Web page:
Between 1909 and 1913, Alfred Stieglitz mounted three separate exhibitions of work by Marius de Zayas at his gallery, 291. At the third, the cosmopolitan émigré exhibited eighteen charcoal caricatures, including this example, in two styles: “relative” (representational) and “absolute” (non-representational). The abstractions on view combined algebraic equations, geometric forms, and dramatic chiaroscuro to impart the artist’s vision of otherwise imperceptible realities. Agnes Meyer, exemplary of the early twentieth-century “New Woman,” independently financed her education at Barnard College and became one of The New York Sun’s first female reporters. This rare drawing suggests her energy, drive, and élan. Francis Picabia’s representation of Meyer as a mechanical catalyst, reproduced nearby, also testifies to her dynamic character.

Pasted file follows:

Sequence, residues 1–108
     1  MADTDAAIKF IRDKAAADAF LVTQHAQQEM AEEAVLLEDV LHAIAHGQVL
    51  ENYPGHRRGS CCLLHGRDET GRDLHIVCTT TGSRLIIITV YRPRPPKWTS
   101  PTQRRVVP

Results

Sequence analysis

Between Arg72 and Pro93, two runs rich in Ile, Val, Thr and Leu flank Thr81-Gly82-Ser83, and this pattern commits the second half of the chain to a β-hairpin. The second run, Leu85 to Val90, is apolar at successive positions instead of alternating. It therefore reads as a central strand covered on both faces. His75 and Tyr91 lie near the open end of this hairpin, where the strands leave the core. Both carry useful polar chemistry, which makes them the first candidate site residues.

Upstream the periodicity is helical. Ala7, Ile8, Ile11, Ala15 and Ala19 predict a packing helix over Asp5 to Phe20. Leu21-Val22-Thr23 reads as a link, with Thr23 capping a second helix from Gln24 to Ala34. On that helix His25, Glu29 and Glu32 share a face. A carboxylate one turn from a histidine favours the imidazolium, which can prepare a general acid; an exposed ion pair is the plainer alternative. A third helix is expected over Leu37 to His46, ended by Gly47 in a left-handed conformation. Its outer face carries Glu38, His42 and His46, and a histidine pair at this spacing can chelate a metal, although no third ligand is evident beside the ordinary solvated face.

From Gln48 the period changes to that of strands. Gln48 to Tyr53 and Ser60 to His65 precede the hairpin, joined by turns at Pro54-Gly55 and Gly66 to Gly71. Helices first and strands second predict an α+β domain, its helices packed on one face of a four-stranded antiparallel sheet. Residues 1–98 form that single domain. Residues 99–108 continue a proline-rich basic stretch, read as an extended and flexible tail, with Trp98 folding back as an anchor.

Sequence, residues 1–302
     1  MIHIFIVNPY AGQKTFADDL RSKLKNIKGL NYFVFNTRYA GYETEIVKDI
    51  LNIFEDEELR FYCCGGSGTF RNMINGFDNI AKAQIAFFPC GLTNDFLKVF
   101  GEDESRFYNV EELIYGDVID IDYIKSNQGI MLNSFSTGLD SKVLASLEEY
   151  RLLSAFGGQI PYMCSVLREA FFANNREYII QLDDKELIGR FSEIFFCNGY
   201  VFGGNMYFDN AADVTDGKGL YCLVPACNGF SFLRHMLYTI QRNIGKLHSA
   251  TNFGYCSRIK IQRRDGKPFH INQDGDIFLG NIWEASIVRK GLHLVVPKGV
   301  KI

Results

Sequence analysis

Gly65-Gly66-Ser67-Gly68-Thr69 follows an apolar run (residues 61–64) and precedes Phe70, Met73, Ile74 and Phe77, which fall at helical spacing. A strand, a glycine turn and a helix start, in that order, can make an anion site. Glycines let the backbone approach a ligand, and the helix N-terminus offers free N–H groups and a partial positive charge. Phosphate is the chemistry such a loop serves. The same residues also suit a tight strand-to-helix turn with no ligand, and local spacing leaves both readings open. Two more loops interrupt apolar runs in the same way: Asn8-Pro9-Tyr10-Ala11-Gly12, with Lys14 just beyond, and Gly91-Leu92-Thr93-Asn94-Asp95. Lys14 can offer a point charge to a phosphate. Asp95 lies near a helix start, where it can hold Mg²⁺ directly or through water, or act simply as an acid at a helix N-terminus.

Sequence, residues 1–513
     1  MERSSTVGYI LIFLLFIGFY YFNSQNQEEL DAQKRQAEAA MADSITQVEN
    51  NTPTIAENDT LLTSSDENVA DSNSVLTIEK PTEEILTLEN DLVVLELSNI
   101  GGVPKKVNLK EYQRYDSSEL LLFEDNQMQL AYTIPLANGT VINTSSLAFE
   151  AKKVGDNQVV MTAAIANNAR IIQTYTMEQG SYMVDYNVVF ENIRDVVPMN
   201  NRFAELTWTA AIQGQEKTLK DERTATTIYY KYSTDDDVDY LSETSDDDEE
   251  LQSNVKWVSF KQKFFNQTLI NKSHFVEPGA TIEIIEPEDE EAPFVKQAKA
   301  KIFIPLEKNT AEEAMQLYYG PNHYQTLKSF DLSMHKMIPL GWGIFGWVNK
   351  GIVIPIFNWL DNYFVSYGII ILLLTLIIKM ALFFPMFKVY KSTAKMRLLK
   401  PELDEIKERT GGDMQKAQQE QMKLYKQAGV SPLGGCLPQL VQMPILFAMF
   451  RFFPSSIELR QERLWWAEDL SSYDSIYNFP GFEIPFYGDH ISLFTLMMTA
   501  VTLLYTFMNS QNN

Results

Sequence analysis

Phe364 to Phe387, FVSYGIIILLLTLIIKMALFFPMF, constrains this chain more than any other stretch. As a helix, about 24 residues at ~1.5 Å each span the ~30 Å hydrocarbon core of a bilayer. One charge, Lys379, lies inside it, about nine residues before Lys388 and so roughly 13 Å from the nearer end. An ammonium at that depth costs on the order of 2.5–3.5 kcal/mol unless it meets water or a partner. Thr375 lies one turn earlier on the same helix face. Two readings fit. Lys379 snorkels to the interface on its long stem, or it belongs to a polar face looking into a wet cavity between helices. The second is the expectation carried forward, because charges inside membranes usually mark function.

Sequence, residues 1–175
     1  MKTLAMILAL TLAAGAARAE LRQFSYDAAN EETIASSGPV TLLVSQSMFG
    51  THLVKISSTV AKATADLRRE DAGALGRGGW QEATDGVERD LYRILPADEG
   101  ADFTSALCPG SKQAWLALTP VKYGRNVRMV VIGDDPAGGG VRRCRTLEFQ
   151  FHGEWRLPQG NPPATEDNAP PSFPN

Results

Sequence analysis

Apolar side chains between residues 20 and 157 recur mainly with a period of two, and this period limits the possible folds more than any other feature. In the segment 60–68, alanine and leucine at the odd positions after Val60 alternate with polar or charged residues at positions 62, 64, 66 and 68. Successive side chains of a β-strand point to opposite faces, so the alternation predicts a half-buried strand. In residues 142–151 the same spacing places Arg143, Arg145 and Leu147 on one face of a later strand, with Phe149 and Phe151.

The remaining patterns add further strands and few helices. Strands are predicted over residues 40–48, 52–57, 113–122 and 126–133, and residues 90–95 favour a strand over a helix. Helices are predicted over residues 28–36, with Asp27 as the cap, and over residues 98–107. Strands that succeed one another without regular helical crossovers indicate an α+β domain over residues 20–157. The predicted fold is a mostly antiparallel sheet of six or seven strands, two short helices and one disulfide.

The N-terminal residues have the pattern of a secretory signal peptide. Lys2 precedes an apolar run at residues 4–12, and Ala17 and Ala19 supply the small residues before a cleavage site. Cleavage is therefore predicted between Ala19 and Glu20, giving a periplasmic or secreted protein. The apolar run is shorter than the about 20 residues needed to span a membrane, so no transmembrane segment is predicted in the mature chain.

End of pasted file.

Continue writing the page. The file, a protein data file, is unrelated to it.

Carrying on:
Image rights: National Portrait Gallery, Smithsonian Institution, Washington, D.C.
"This Is a Portrait If I Say So: Identity in American Art, 1912 to Today"
National Portrait Gallery, Smithsonian Institution, Washington, D.C.
About Marius de Zayas
Mexican, 1880-1961, Veracruz, Mexico